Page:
The month of May is Asian/Pacific American Heritage Month.
Asian/Pacific American Heritage Month is a celebration of Asians and Pacific Islanders in the United States.
A rather broad term, Asian/Pacific encompasses all of the Asian continent and the Pacific islands of Melanesia (New Guinea, New Caledonia, Vanuatu, Fiji and the Solomon Islands), Micronesia (Marianas, Guam, Wake Island, Palau, Marshall Islands, Kiribati, Nauru and the Federated States of Micronesia) and Polynesia (New Zealand, Hawaiian Islands, Rotuma, Midway Islands, Samoa, American Samoa, Tonga, Tuvalu, Cook Islands, French Polynesia and Easter Island).
There’s so much to learn about these cultures and the way these people groups have contributed to American society. Learn more here.
It’s been very interesting to discover the history of Asian Americans in New Mexico. Japanese and Chinese immigrants first arrived in this region in the 1800s along with the intercontinental railroad. And after the fall of South Vietnam in 1975, 3000 Vietnamese landed in New Mexico as part of a federal resettlement program. Since then, even more Asians and Pacific Islanders have chosen to make New Mexico their home, making New Mexico all the more rich and culturally diverse.
Something that we New Mexicans can be proud of is that almost all cities in our state (save one in south eastern New Mexico) did not participate in the internment of citizens of Japanese descent during World War 2. In fact, in Albuquerque, internment was opposed by local Hispanic groups and the issue never even went to a vote.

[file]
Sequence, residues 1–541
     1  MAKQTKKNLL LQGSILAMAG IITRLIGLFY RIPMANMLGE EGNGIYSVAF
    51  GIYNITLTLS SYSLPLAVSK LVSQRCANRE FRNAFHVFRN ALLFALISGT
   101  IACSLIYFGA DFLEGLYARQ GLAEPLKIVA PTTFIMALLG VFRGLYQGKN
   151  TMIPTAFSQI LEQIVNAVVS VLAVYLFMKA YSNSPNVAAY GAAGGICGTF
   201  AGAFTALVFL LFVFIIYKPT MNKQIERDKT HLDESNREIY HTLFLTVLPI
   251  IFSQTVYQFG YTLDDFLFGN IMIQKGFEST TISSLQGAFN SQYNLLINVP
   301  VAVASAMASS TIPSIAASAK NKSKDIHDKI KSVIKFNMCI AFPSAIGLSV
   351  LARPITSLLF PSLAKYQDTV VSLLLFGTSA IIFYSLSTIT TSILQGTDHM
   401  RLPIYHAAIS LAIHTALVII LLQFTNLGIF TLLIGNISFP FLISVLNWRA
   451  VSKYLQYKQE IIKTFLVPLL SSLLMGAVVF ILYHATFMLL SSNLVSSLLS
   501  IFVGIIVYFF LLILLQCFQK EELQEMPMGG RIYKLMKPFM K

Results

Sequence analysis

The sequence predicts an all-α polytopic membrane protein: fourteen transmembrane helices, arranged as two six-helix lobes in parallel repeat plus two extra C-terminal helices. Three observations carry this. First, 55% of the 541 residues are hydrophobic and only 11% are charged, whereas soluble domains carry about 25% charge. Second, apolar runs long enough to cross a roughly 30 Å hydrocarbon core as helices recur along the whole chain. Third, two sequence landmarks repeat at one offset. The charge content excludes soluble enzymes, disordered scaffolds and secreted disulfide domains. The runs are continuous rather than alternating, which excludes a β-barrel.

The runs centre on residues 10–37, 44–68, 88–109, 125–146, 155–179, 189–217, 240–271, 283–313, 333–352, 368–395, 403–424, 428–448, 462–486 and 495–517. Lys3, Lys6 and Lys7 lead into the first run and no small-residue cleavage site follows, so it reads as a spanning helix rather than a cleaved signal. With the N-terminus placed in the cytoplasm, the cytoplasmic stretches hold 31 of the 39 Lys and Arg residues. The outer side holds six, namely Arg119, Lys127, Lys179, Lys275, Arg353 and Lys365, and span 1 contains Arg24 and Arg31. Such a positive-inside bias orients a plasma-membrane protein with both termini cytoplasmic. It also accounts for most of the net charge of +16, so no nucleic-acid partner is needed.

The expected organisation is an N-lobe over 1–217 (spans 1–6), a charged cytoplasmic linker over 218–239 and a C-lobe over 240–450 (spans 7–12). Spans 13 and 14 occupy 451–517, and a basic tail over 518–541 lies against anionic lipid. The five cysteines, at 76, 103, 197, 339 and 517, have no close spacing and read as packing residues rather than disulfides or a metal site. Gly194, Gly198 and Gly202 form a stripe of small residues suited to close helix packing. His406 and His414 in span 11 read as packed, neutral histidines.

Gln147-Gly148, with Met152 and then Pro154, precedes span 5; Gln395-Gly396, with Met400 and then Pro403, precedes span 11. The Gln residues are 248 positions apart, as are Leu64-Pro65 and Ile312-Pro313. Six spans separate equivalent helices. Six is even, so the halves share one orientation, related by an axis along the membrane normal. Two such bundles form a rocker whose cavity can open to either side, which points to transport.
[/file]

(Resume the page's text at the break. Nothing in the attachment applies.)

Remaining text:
Below is a round-up of resources meant to amplify Asian/Pacific American’s voices.
St. Louis Mom
“May is Asian and Pacific Islander Heritage Month! As I grow older, maybe wiser, I find myself drawn to my ethnic roots. I want to connect on a deeper level to the people who existed before me. People who immigrated from different countries and fought the battles to be recognized as citizens, all so that I could grow up here – in the United States, with opportunities that far surpassed my ancestors’ expectations.” Read more.
Ventura County Mom
“I am proud to be an Asian American. I belong here. After the recent Atlanta spa shootings, I saw so many photos shared on social media of mourning, scared, and outraged people holding signs that say ‘Stop Asian Hate’ or ‘I Am Not A Virus.’ Read more.
Birmingham Mom Collective
Are you wondering how you could celebrate this month? Check out these selections for children and adults all written by AAPI authors. Read more.
DC Area Mom Collective
“One of the most frustrating things about my upbringing as an Asian daughter was the constant reminder from my mom of what other people thought. It wasn’t enough that we had real issues to deal with in our own lives, we had to also manufacture more issues related to other people’s feelings or views of us.” Read more.
Kansas City Mom Collective
“It isn’t always the easiest trying to raise an Asian-American kid in the Midwest. I try to overcompensate for the lack of Asian-American representation by exposure to food and arts, spending time with extended family, and focusing on our mother tongue. This is what I envision my toddler son would say/think as a teenager, about how I’ve tried to merge our culture and his environment.” Read more.
“Ever since I learned that the novel coronavirus originated in a Chinese food market, I braced myself for the blame that I knew would come. It wasn’t long before I heard about Uber drivers refusing service to people with Asian-sounding names and stories of people calling Asian people ‘disgusting’ and other horrible things.” Read more.